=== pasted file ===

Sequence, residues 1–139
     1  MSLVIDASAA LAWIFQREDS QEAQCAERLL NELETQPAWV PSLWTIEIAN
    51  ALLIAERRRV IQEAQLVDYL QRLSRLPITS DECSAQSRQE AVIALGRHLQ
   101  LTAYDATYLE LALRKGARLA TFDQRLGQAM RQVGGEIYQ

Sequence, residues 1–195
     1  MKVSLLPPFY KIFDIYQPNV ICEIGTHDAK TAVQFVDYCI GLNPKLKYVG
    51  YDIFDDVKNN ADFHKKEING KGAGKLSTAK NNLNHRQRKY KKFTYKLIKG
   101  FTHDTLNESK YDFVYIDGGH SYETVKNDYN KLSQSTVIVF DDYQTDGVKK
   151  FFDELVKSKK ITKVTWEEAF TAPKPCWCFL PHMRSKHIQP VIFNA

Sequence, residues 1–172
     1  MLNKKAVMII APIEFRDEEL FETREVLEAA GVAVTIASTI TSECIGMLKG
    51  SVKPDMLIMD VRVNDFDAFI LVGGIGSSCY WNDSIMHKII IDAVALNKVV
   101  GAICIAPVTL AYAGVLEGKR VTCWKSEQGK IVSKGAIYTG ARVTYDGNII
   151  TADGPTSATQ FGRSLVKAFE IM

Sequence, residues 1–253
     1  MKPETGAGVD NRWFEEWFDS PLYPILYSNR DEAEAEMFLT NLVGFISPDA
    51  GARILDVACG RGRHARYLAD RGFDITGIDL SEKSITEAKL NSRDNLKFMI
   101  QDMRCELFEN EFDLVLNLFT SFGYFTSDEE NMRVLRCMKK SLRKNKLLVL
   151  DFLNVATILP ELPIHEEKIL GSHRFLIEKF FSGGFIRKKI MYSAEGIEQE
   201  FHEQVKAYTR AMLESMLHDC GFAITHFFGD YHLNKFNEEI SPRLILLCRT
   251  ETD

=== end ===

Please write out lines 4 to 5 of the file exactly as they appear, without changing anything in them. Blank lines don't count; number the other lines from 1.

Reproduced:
   101  LTAYDATYLE LALRKGARLA TFDQRLGQAM RQVGGEIYQ

Sequence, residues 1–195